Aluminum: Chinese Winter Cuts Hit Alumina Refineries

Three-month aluminum prices on the London Metal Exchange bounced by over 2.2% on Wednesday amid vaccines optimism and hopes for a stimulus package remains alive. Meanwhile, the winter cuts that started at some alumina refineries in China also fueled the bullish vibe.

Winters cuts have started to hit some Chinese alumina operations in several provinces including Shanxi, Shaanxi, and Henan (known as Fenwei plain) as some provinces/cities have issued smog warnings, which has fueled the bullish vibe in the Chinese aluminum market.

According to Antaike, the winter cuts have so far hit a total of 3.3 million tonnes of alumina operations, mostly in the Fenwei plain region, which is geographically the northern China market. However, the restrictions are mainly hitting the calcining process at the refineries which may not lead to a full stop in supply immediately, and it remains to be seen how such events would further unfold and impact the real supply in the market. Currently, the restrictions that have been put into place are set to last until the end of December. As a result, there has been a push to higher alumina prices in the northern market. However, the southwestern market is relatively well supplied, and the local alumina prices remain under pressure. In the short term, the market strength could remain divergent between the north and the south. It remains to be seen how many further restrictions will be required should air pollution worsen.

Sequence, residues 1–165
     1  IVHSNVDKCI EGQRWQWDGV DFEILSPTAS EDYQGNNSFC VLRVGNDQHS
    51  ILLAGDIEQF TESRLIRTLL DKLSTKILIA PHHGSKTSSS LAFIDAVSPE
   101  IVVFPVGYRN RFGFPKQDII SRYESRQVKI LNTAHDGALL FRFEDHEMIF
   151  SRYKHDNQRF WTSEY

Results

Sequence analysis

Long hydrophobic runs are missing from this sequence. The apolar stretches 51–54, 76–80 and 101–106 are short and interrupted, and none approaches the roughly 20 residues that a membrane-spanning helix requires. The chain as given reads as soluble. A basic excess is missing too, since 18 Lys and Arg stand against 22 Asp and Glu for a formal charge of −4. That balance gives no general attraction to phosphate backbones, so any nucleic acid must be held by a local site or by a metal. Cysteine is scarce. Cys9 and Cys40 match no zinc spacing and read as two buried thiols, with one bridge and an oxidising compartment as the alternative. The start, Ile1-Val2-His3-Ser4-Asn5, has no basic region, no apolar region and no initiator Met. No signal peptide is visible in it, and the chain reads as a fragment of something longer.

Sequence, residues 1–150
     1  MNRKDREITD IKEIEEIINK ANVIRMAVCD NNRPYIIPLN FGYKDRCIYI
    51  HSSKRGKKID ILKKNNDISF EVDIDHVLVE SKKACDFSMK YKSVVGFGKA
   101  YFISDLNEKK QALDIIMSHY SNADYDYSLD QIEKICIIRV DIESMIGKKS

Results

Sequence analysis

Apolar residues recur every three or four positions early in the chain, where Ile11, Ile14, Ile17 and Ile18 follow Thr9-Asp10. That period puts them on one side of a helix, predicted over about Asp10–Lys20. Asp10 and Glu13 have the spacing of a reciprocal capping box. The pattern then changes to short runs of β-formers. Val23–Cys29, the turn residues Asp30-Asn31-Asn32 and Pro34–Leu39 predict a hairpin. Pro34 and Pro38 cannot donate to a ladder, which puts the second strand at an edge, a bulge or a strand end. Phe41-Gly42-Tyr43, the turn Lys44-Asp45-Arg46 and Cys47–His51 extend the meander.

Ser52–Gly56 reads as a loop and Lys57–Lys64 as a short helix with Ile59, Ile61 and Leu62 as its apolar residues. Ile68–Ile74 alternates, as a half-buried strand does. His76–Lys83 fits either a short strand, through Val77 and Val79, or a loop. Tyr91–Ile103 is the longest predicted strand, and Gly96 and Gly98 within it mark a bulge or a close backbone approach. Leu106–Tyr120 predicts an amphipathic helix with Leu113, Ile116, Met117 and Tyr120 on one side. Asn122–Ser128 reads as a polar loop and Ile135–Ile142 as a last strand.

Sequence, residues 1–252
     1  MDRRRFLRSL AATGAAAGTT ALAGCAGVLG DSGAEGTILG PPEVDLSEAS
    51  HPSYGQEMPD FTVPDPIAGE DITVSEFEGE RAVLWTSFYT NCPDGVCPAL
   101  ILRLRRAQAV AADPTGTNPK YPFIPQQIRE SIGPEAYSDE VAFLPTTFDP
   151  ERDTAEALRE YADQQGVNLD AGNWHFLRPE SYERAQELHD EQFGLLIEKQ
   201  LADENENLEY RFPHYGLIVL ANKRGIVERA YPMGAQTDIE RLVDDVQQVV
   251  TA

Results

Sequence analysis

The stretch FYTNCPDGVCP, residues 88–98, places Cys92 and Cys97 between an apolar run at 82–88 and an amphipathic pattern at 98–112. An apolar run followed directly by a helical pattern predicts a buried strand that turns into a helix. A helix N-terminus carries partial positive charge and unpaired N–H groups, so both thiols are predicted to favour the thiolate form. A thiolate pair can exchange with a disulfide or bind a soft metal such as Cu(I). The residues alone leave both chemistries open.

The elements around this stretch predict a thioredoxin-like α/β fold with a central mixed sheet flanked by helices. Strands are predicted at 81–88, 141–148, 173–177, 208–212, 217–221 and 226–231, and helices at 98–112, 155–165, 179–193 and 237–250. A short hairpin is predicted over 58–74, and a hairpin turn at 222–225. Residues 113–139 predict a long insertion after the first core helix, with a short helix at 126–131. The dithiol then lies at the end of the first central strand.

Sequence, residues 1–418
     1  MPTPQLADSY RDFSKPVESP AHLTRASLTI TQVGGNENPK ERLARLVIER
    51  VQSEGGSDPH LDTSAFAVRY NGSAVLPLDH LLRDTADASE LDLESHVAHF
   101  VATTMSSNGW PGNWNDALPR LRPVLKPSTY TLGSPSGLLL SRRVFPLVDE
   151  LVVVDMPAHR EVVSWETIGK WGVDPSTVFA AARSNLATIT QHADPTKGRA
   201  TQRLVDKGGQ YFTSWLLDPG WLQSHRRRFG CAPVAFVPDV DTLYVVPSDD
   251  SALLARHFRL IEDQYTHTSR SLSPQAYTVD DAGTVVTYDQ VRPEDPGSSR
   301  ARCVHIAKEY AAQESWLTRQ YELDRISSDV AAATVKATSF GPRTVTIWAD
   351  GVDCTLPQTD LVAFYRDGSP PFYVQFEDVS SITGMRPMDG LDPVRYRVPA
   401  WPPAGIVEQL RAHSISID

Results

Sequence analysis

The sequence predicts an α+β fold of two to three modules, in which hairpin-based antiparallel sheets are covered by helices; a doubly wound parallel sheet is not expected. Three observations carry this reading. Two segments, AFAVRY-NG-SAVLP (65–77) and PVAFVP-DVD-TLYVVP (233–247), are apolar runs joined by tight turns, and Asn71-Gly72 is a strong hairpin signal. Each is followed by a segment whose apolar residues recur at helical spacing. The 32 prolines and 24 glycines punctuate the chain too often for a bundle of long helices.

Currently, total Chinese aluminum smelting operations remained high (39.26 mln t/year in operation, +9% year-on-year) driven by strong margins, hence the demand for alumina is robust. Apart from feeding by domestic alumina supply, China also imports a large amount of alumina from overseas markets, mainly from Australia. During the first ten months of 2020, the country imported over 3 million tonnes of alumina, compared to around 1.6 million tonnes for the full year 2019. It is likely that in case the local alumina market tightens further and leads to higher prices, imports could remain elevated and potentially alumina to move from the south to the northern market in order to ease the tightness. It is still too early to expect any significant cost inflation for aluminum production at this stage or even to have an impact on primary production. However, further news on winter cuts may continue to boost market sentiment. While the market has been paying great attention to stronger China aluminum demand, inventories have remained low compared to the traditional seasonal pattern. Although last week there was around a 4kt inventory rise that had triggered some long liquidations, this has stayed unchanged so far this week.

Disclaimer: This publication has been prepared by ING solely for information purposes irrespective of a particular user's means, financial situation or investment objectives. The information ...

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